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Oil tank train cars sit idle yesterday in Chicago. The world is awash in oil and there’s little demand for it. That explains this week’s strange and unprecedented action in the market for crude oil futures contracts.

Carisa Lee

Mother of five Abina Rosales said she’s not a stranger to financial problems but after she lost her part-time job at Kapok Hotel on April 1st, her living situation worsened. She was let go from her job because of the economic impact of COVID-19.

“I knew it was coming,” she said.

“They started reducing my shifts since March 15th and I knew I was one of them to go,” she continued.

Her partner, who works in a car shop, was also laid off as his job was deemed non-essential.

The last salaries they received went to buying food but after three weeks their money and groceries ran out.

“My neighbours brought some plantains for us,” she said.

“Some days I would let the kids eat and I would remain without because I am a parent first,” she said.

Rosales told Guardian Media that she is not a lazy person and has tried every avenue to get assistance but to no avail. Her former company submitted an application for Salary Relief Grant for which she is awaiting feedback and her attempts to get a Hamper from relevant NGOs were unsuccessful.

“My five kids are on the school feeding programme but we haven’t gotten a food card,” she said.

“We called the MP’s office [Colm Imbert] but nothing at all,” she said.

But Rosales’ current situation is just the newest addition to her struggles. Before losing her job she received an eviction notice from a house that is dilapidated with no sewer system and fluctuating electricity. She lived there with her family for eleven years but stayed because the rent is affordable.

“The numbers for apartments we called told us it’s too many of us,” she said.

“One man even told me, miss lady, you don’t need an apartment, you need a house, “she continued.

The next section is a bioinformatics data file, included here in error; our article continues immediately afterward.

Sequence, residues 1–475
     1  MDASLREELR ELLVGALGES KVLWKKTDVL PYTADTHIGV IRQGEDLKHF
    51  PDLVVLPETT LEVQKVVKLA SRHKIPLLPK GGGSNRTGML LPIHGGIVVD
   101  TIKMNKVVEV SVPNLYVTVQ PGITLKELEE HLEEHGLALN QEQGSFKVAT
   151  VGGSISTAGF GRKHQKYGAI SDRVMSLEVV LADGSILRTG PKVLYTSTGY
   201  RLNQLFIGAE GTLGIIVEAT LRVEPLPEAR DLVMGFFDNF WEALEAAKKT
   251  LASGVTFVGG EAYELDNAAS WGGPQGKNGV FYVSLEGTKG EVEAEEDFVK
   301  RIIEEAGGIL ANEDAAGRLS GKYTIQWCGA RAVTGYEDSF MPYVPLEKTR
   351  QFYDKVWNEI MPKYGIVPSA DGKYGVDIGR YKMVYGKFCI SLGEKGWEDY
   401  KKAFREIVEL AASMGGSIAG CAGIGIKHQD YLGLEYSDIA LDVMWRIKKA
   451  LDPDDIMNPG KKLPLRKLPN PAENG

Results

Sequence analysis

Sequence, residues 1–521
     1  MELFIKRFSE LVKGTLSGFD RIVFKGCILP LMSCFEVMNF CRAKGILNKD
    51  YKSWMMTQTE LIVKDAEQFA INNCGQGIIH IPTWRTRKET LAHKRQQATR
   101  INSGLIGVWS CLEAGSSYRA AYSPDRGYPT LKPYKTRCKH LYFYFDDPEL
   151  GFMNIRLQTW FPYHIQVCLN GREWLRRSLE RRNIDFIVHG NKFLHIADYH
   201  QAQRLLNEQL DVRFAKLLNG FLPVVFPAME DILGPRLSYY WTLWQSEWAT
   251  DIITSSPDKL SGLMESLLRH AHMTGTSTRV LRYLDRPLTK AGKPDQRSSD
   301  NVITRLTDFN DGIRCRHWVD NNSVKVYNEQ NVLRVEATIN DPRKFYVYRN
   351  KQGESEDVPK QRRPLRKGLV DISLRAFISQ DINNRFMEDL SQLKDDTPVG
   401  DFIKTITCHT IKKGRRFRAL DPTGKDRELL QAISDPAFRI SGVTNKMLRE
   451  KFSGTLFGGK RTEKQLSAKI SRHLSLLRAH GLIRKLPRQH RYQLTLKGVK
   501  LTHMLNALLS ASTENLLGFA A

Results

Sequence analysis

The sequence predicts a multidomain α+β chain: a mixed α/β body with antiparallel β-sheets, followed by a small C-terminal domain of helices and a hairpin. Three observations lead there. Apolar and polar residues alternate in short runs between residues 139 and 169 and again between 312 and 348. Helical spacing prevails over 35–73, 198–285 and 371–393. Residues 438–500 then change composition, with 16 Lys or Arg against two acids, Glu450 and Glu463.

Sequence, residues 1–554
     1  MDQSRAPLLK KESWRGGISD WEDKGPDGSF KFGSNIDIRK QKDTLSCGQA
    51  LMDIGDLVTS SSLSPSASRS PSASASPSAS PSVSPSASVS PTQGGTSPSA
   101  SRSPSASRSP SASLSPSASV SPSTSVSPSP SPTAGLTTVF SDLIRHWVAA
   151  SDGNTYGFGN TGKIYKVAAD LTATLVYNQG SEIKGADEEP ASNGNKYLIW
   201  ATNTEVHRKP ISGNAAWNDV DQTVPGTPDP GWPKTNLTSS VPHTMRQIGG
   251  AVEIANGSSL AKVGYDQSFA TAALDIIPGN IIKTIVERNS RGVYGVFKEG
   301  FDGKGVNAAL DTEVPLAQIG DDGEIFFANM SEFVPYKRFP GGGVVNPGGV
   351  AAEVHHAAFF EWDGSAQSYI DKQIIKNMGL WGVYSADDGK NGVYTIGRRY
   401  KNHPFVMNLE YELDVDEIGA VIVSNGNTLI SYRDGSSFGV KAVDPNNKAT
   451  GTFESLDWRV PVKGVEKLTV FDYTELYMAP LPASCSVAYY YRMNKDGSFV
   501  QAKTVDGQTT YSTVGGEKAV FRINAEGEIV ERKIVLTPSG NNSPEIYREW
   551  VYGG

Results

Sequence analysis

Something she applied for at the Housing Development Corporation but is still waiting on a response.

“I know that there are a lot of people that need help but I am also one of them,” she cried

“I went with my husband when he had to do a delivery and we saw HDC homes abandoned covered with bush, we doh have to get nothing fancy, we just don’t want to end up on the street,” she continued.

She said she sits with her children regularly and they pray for assistance especially the bigger ones who understand their situation.

“I told them that the bible says that where two or more gather god does come,” she said.

“There are people who would go today and get through tomorrow we are not one of them,” she continued

As she was being interviewed she showed the Guardian Media team her home, the refrigerator and cupboards were empty, her daughter was preparing roast bake and fry plantains from what her neighbour bought and the other children ages four to twelve sat on the floor and watched their favourite cartoon.

“We just can’t afford furniture,” she said.

“We make the best of what we have,” she continued.

She said she had no idea where their next meal would from and going to the media was her last resort.

Anyone willing to help Rosales and her family can contact her at 397-7544.

Best regards

Carisa Lee

Asst. Producer – the Morning Brew

Email: [email protected]

Tel: 225-4465 ext. 5561

Cell: 381-5341

Official office hours: 5 am – 1 pm

“We did not come to fear the future. We came here to shape it.” Barack Obama